Province's physicians and nurses say government needs to tighten screws on private CHSLDs
Orders say it may be time for province to put an end to private, non-subsidized CHSLDs
Quebec's college of physicians and orders representing nurses describe the catastrophe that unfolded at a private long-term care home in the West Island as a by-product of inexperienced staff and mismanagement.
But they also say it's up to the Quebec government to make sure it never happens again.
Last spring, dozens of residents at the CHSLD Herron died within a matter of weeks, and many others were found to have been neglected and malnourished.
The joint report pushes for the province to equip itself legally to step in more quickly when the situation in a private, non-subsidized long-term care home deteriorates.
They even say the province should "seriously consider rescinding" those homes' permits, and integrating them within the province's network of subsidized private homes.
The report's findings are the latest that have been released in recent months in hopes of shedding light on why so many CHSLD residents have died during the pandemic.
"There was a lack of knowledge on the part of operators about the laws and regulations surrounding the management of a CHSLD," said Luc Mathieu, the president of the Quebec Order of Nurses.
A public inquiry into deaths in long-term care homes was set to begin last month, but was delayed until September.
Not much training, not much experience
In recent years, CHSLD Herron was often without a director of nursing services, and that was the case in the weeks leading up to the start of the COVID-19 pandemic, according to the report.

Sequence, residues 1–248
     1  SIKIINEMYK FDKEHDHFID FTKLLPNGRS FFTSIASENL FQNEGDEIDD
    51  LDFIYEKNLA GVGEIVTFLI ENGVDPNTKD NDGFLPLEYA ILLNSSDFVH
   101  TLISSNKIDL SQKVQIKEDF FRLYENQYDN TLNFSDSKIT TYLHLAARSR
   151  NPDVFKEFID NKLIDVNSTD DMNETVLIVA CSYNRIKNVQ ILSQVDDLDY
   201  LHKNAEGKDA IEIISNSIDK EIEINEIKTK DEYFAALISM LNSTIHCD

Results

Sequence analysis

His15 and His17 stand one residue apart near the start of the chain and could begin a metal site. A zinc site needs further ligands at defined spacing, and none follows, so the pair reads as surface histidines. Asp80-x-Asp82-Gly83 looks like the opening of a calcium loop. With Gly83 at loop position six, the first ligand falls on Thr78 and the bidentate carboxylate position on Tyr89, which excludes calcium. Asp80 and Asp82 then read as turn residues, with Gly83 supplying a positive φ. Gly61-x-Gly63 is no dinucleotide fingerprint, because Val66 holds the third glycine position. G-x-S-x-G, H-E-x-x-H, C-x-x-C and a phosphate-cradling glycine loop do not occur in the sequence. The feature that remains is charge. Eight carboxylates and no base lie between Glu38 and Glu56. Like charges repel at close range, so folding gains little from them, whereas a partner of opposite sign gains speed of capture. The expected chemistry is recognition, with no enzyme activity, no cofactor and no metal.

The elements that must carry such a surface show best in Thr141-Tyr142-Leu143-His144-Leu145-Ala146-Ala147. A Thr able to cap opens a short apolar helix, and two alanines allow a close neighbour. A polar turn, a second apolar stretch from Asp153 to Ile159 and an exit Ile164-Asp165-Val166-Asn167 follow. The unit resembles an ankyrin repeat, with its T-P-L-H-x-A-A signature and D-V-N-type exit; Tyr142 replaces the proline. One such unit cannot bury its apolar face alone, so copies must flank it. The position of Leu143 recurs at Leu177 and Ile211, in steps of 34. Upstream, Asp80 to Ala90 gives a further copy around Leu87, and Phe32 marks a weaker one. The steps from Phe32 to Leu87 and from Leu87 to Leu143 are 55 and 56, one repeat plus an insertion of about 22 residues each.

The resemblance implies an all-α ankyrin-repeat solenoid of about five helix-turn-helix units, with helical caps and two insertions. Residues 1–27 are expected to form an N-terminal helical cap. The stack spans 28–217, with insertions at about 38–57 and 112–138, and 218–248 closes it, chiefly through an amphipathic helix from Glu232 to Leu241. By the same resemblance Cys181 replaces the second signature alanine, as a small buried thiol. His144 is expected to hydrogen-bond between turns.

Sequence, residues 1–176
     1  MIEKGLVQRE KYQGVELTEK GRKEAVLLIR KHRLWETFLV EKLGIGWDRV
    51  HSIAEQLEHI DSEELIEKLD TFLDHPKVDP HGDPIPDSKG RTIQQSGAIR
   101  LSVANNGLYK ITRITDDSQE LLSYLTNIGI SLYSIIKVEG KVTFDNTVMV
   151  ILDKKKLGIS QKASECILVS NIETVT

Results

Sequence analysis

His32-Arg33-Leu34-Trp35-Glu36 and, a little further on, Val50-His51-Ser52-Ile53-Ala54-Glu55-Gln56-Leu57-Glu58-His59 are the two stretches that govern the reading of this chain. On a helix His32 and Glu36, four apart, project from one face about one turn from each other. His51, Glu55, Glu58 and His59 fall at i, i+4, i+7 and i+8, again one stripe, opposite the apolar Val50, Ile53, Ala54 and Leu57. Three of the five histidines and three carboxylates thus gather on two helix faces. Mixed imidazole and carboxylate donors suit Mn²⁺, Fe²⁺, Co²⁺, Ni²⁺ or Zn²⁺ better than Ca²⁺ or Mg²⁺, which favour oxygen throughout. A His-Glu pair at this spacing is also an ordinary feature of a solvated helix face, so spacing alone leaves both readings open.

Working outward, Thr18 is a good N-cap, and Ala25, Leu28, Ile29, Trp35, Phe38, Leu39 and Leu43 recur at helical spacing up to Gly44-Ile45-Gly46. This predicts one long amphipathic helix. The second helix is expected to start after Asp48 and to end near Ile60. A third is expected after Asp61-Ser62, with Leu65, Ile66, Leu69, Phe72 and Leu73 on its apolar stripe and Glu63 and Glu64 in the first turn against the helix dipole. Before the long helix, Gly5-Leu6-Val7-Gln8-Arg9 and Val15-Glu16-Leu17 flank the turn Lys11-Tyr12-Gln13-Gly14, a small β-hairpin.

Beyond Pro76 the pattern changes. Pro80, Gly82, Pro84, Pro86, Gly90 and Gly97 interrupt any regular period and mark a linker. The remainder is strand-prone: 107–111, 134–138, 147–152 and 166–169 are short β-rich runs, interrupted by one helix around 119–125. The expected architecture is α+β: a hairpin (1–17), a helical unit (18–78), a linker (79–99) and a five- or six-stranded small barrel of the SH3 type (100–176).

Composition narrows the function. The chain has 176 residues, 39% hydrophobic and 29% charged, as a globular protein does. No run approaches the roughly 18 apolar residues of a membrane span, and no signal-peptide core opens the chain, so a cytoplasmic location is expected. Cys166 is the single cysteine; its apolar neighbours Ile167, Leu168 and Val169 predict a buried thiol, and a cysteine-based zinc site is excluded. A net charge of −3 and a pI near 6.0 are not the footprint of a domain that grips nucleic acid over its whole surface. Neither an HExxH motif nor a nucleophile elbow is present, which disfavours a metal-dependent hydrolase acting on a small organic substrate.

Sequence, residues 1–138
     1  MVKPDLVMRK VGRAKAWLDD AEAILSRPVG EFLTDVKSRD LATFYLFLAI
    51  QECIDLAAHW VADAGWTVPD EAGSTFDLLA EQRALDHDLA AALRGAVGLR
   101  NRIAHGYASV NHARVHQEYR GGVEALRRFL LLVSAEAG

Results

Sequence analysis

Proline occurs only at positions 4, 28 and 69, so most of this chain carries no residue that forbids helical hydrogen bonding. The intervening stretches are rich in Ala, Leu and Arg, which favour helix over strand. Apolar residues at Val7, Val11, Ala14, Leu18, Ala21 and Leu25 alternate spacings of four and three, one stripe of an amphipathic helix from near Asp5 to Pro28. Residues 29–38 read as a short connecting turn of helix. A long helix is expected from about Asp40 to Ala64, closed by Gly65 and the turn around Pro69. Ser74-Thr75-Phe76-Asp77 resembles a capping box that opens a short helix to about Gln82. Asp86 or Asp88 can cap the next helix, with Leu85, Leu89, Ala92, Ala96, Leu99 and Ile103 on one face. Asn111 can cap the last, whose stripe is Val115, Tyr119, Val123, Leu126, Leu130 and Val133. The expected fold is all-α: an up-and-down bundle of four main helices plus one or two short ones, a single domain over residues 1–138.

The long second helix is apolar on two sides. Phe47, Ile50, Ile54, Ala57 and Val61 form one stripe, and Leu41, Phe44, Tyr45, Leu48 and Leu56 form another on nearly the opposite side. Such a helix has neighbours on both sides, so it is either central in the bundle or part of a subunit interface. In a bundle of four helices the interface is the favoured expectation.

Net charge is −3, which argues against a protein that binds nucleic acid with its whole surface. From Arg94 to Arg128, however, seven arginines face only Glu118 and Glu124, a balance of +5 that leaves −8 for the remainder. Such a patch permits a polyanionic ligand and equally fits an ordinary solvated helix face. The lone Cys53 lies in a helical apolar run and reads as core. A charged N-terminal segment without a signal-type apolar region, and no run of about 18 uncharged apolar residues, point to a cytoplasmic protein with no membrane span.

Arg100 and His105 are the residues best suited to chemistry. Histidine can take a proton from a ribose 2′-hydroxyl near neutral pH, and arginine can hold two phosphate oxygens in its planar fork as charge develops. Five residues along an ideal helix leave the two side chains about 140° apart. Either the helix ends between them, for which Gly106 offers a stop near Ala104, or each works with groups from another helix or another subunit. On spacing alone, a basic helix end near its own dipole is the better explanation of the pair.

"Many times, the executive director was managing the delivery of services alone," the report stated. "Furthermore, management had no nursing training."
The joint committee issued 30 recommendations, including having the Health Ministry put in place "regulatory mechanisms" to make the presence of a nursing services director mandatory in private, non-subsidized long-term care homes.
It's also calling on the province to make it more difficult to get a permit to operate a CHSLD.
Most of the 12 nurses at Herron had their permits for four years or less, and only two of them had a university degree in nursing sciences, which would qualify them as beginners, the joint committee said, especially considering that their experience in caring for the elderly was gained almost exclusively at the West Island long-term care home.
Most of the 15 licensed practical nurses were just starting out their careers, and many of the 45 patient attendants, or PABs, had no professional training or diploma.
The committee recommends mandatory training for PABs in private, non-subsidized long-term care homes, and says the province should make sure more nurses have university degrees.
Despite the lack of training and experience, the report made it clear that health-care staff was not to be blamed for what transpired at Herron.
"Contrary to what has been conveyed, employees at the CHSLD did not abandon residents and the home," the report stated. "They were asked to leave because they had symptoms of the disease, or because they had been in contact with someone who tested positive, and management did not make any plans to replace them."
Sounding the alarm since 2017
The report also analyzed the failings at Montreal Geriatric Institute, where many residents died during the first wave.
In a joint statement, Quebec Health Minister Christian Dubé and the minister responsible for seniors, Marguerite Blais said they intend to follow up on the report's recommendations.
"We will do everything to put in place conditions to avoid that such situations don't repeat themselves," Blais said in reference to the heavy death toll in long-term care homes.
This isn't the first time the professional orders have looked into what was going on at Herron.
The order representing licensed practical nurses issued a report in 2017, lamenting the lack of infection control in the home.
In 2018, the Quebec Order of Nurses followed up and found many of the home's shortcomings had to do with a high turnover rate and inexperience among staff.
"Our reports weren't really taken seriously," said Mathieu.
With files from Radio-Canada's Daniel Boily and Davide Gentile